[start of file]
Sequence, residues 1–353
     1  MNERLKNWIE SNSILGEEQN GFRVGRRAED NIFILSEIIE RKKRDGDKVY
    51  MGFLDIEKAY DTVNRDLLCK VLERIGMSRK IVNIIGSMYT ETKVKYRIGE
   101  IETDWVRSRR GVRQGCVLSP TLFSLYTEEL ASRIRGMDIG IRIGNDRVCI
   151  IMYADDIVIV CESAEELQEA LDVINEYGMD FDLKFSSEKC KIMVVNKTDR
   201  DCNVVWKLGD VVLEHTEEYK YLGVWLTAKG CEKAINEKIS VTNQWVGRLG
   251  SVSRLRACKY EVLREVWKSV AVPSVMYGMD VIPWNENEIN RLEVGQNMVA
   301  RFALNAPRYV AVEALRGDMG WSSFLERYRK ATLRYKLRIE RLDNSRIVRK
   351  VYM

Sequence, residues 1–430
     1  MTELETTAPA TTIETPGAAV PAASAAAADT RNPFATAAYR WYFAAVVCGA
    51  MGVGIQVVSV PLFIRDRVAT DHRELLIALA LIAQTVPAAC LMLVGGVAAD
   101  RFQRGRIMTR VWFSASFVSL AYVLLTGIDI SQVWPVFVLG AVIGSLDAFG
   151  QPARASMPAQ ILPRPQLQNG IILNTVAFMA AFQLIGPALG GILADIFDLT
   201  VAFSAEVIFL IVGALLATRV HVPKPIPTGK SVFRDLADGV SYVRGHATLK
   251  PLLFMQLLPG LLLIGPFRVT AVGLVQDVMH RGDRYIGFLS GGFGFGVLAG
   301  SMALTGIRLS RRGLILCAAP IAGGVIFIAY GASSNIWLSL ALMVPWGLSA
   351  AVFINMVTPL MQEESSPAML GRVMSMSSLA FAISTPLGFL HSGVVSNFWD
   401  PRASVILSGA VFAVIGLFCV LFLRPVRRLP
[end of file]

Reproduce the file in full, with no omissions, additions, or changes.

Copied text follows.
Sequence, residues 1–353
     1  MNERLKNWIE SNSILGEEQN GFRVGRRAED NIFILSEIIE RKKRDGDKVY
    51  MGFLDIEKAY DTVNRDLLCK VLERIGMSRK IVNIIGSMYT ETKVKYRIGE
   101  IETDWVRSRR GVRQGCVLSP TLFSLYTEEL ASRIRGMDIG IRIGNDRVCI
   151  IMYADDIVIV CESAEELQEA LDVINEYGMD FDLKFSSEKC KIMVVNKTDR
   201  DCNVVWKLGD VVLEHTEEYK YLGVWLTAKG CEKAINEKIS VTNQWVGRLG
   251  SVSRLRACKY EVLREVWKSV AVPSVMYGMD VIPWNENEIN RLEVGQNMVA
   301  RFALNAPRYV AVEALRGDMG WSSFLERYRK ATLRYKLRIE RLDNSRIVRK
   351  VYM

Sequence, residues 1–430
     1  MTELETTAPA TTIETPGAAV PAASAAAADT RNPFATAAYR WYFAAVVCGA
    51  MGVGIQVVSV PLFIRDRVAT DHRELLIALA LIAQTVPAAC LMLVGGVAAD
   101  RFQRGRIMTR VWFSASFVSL AYVLLTGIDI SQVWPVFVLG AVIGSLDAFG
   151  QPARASMPAQ ILPRPQLQNG IILNTVAFMA AFQLIGPALG GILADIFDLT
   201  VAFSAEVIFL IVGALLATRV HVPKPIPTGK SVFRDLADGV SYVRGHATLK
   251  PLLFMQLLPG LLLIGPFRVT AVGLVQDVMH RGDRYIGFLS GGFGFGVLAG
   301  SMALTGIRLS RRGLILCAAP IAGGVIFIAY GASSNIWLSL ALMVPWGLSA
   351  AVFINMVTPL MQEESSPAML GRVMSMSSLA FAISTPLGFL HSGVVSNFWD
   401  PRASVILSGA VFAVIGLFCV LFLRPVRRLP